Re: The Mind/Body Problem

From: Swash Justin (
Date: Wed May 22 1996 - 15:22:12 BST

The mind/body problem revolves around how brain activity is related
to mental activity, and how physical happenings can become mental
ones. So, when a cognitive process occurs in the brain, how does this
turn into a "feeling" ?

 A major source of this problem is that the mind cannot be observed
from the outside as the physical activities can be. For example, it
is possible to follow how when a cut is made on someones hand the
nerves carry signals from the wound to the brain, and the areas of
the brain that are apparently involved in processing the information,
and the time and order they are activated in. This gives a
description of what is physically happening in the experience of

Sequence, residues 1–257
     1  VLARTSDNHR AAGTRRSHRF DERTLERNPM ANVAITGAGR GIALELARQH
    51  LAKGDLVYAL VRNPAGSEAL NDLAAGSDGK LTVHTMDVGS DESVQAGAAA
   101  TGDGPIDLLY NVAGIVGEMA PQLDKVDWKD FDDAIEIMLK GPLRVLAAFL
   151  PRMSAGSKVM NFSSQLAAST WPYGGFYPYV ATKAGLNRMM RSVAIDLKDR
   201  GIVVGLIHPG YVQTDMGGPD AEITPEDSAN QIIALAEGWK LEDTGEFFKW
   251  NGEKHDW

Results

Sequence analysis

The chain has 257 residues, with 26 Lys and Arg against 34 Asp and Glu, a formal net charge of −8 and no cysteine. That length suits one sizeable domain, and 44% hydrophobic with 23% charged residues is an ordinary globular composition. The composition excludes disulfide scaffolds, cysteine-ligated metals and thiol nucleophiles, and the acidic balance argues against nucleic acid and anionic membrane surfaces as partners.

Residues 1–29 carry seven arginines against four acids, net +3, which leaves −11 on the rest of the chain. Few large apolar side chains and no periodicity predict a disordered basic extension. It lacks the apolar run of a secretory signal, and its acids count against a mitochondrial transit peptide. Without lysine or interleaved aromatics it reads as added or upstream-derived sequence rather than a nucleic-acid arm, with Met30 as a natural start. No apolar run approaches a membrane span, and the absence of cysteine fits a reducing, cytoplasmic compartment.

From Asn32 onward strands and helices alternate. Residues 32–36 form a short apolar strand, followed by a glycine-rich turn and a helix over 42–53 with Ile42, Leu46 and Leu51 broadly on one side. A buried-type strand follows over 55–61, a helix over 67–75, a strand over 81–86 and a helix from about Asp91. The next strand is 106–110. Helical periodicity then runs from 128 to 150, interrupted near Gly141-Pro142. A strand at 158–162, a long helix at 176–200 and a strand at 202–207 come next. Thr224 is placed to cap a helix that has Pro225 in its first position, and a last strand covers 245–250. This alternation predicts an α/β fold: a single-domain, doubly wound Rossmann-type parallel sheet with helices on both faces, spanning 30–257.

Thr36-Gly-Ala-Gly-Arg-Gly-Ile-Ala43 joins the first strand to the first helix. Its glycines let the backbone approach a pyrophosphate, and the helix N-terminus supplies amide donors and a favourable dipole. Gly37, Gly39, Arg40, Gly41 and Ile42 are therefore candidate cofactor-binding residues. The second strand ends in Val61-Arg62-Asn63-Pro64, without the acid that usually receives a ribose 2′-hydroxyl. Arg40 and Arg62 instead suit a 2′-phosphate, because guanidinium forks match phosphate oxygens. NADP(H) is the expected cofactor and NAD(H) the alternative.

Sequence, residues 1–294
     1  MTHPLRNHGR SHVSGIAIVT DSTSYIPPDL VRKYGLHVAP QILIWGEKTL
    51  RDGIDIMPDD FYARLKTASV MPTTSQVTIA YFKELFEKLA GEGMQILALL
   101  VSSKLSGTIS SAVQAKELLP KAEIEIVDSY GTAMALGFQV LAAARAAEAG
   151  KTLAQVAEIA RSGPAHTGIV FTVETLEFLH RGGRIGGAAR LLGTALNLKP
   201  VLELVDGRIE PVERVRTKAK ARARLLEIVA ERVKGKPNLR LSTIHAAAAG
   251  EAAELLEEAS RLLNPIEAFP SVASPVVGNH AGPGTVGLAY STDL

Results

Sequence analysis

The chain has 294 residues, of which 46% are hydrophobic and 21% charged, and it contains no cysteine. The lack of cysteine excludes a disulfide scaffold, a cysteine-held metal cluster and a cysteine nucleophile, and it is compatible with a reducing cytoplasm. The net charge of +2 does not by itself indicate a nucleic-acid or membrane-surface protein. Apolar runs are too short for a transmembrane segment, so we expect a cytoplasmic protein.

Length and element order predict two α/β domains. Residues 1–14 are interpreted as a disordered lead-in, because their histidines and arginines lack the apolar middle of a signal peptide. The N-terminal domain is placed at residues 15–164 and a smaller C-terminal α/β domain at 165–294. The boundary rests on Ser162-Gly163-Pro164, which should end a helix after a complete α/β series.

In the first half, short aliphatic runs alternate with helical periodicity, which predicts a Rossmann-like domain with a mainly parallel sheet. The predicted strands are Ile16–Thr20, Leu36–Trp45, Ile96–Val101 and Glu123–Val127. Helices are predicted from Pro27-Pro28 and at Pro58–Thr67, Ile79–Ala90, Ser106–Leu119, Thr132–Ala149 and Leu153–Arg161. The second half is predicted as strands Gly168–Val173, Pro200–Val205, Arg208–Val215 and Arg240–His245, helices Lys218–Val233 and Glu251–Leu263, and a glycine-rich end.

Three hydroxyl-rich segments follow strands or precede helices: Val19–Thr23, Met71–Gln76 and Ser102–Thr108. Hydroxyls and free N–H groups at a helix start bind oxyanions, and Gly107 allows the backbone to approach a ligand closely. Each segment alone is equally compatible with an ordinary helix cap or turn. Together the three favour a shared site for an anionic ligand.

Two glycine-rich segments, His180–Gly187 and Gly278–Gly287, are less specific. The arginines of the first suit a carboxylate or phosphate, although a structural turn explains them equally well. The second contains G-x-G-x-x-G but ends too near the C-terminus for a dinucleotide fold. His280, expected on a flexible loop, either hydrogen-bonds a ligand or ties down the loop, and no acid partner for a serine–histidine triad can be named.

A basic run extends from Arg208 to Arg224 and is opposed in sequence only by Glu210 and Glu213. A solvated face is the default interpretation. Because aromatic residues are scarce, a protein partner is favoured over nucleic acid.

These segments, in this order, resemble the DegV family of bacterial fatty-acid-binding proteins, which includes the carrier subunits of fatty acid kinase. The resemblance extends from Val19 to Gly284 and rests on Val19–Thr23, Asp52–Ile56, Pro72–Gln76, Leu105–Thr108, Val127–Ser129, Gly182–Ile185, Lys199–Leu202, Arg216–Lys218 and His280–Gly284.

pain, however, it does not show how these physical effects are
transformed into the mental "feeling" of pain. It may be suggested
for example, that this is a form of conditioning, and the nerve signals
are related to a harmful event on the body, but this is just a theory
of how the signal gives a meaningful message to the brain, and there
is still an actual mental feeling of pain to explain.
 The monist theory suggests the feelings are the same as, ( but a special
form of ) physical matter, whilst the dualists suggest they are
different intrinsically. However, even the monists cannot say HOW
the "mind" is special, and therefore can't argue how it can be
accounted for.
 Without the ability to observe mental activity it seems impossible to
show how it originates. Research into the functioning of cognitive
processing needs to be further advanced also, as without a proper
understanding of this, transforming physical processes into mental
activity cannot be clearly identified either.

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